In his 1991 book The Disuniting of America: Reflections on a Multicultural Society, historian and former presidential advisor Arthur M. Schlesinger, Jr. paints a vivid and compelling portrait of the potential dangers of America’s multi-ethnic culture. Schlesinger explains that the long-term struggle against the inherent Anglo-centrism in America has produced an ethnocentric upsurge that threatens to pull apart the American “melting pot” and replace it with distinct cultural separations. He recognizes that America is a unique society in that it was multi-ethnic from the time of its founding, and as such has a cultural identity unlike any other country; one that is made up people hailing from many different cultures that have all chosen to be part of the American whole. He observes that the gap between these cultures has widened rather than closed through the country’s history for various reasons, not the least of which are its Anglo-centric origins. Schlesinger explains that in our pluralistic society, national identity – the American ideals of freedom, justice and equality – is the ideal to which we must strive; otherwise the “cult of ethnicity” may finally undermine American social unity.
America is in dire need of unification. While the country was founded upon democratic ideals, the Anglo-centric and Euro-centric biases pervasive in American society caused distinct prejudices – racial, sexual, and religious, etc. – to be woven into the fabric of the American national identity. From the enslavement of Africans to the mistreatment of Irish, Italians, Eastern Europeans, Asians, women and many others, American history is rife with racism and bigotry. These prejudices, Schlesinger argues, have created the upsurge of ethnocentrism that threatens American unity. Unfortunately, the idea of integration is a relatively recent development in American history. Racist ideals – stemming from countless sources – made assimilation and integration of other racial groups unappealing to white Americans.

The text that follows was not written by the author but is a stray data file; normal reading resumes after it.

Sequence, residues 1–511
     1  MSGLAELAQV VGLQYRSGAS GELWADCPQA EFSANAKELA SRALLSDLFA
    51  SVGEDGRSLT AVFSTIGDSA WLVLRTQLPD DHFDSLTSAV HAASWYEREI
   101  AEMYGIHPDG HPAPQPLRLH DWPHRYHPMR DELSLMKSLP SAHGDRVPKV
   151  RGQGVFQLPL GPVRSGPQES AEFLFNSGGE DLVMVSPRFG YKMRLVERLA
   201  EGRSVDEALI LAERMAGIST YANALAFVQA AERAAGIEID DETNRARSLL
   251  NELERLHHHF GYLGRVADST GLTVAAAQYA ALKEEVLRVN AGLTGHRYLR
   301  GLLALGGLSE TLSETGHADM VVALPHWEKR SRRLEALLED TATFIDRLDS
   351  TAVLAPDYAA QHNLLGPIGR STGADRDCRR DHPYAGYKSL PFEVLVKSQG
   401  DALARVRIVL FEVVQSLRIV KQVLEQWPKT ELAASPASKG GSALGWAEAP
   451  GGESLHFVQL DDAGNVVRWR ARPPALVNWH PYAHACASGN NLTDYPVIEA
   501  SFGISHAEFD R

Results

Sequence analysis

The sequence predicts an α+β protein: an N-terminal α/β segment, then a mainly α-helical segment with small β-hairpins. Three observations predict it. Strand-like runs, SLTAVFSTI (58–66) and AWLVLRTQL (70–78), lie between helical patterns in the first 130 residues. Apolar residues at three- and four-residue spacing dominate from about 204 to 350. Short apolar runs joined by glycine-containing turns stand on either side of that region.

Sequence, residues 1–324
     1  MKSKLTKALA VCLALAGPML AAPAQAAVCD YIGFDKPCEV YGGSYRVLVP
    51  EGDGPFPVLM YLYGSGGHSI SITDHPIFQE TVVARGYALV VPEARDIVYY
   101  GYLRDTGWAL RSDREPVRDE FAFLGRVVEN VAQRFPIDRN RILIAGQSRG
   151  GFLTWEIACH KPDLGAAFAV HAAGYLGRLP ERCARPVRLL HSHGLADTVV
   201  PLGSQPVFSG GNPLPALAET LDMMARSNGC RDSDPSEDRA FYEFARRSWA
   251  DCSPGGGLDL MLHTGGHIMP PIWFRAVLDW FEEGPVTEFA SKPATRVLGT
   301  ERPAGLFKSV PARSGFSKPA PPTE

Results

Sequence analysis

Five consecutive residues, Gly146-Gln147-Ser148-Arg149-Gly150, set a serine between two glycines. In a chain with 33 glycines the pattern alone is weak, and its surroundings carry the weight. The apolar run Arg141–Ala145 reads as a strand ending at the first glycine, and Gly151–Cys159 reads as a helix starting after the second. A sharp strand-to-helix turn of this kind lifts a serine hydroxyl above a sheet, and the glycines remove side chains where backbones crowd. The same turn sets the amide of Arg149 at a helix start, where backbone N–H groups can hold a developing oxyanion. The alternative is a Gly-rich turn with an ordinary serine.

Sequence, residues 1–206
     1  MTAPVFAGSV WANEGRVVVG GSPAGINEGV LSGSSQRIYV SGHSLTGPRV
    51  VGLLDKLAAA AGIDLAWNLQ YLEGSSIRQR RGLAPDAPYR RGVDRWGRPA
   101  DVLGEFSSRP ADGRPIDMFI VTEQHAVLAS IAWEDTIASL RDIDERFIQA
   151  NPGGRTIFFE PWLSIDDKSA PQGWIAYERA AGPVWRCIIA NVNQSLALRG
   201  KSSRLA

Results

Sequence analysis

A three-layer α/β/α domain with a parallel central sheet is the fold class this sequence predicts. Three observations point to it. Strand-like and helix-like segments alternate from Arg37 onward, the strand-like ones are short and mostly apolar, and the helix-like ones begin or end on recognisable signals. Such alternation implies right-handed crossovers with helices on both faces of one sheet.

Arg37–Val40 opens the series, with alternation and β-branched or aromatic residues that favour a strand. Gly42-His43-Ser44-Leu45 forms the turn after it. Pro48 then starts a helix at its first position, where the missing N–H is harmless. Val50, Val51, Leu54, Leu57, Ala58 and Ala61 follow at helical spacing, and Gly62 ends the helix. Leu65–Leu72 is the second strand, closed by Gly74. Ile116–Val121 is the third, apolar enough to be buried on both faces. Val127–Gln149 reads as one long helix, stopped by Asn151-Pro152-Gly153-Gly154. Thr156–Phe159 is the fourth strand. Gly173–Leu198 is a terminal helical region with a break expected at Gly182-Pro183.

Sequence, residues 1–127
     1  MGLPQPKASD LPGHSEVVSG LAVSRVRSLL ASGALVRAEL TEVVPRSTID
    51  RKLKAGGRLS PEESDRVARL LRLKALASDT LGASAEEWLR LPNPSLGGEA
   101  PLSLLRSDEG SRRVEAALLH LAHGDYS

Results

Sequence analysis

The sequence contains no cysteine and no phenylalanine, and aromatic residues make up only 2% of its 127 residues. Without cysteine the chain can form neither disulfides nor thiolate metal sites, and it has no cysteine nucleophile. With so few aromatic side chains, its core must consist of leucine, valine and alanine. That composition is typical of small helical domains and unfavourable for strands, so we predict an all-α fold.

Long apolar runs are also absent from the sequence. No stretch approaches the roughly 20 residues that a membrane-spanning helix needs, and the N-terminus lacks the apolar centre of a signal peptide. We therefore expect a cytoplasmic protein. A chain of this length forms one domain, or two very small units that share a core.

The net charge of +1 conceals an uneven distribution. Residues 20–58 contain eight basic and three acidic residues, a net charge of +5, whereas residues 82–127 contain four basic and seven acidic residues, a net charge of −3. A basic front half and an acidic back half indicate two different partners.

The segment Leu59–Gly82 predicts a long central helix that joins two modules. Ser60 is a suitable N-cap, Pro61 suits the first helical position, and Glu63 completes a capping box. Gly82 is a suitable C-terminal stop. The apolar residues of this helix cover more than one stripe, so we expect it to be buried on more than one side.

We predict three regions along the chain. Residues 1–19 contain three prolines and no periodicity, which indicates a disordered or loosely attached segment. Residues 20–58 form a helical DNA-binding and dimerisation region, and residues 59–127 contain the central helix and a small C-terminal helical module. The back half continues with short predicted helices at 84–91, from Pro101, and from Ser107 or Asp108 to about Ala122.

The problem with history is that it is incredibly powerful, and it can be dangerous. It can be interpreted to serve as justification, and it can be manipulated as people see fit. History, like most other things, is interpreted in different ways based on the point of view of the observer, and can be reinterpreted thereafter to serve different purposes. Schlesinger simply points out that “honest history is the weapon of freedom” (p. 58), and as such it must be used correctly in order to reinforce American ideals rather than undermine them. The problem is that history – especially in education – has been viewed from the Anglo-centric point of view for the majority of American history. This view is widely opposed as it is seen to reinforce stereotypes in society in many cases. Schlesinger explains that “history is to the nation rather as memory is to the individual” (p. 51). As such, history should be presented in a fair and balanced, but ultimately objective manner. It does not need to be changed or manipulated, and one version of history certainly should not be presented above or in place of another. Rather, American history must be presented and viewed as it is: an account of the creation of the American culture.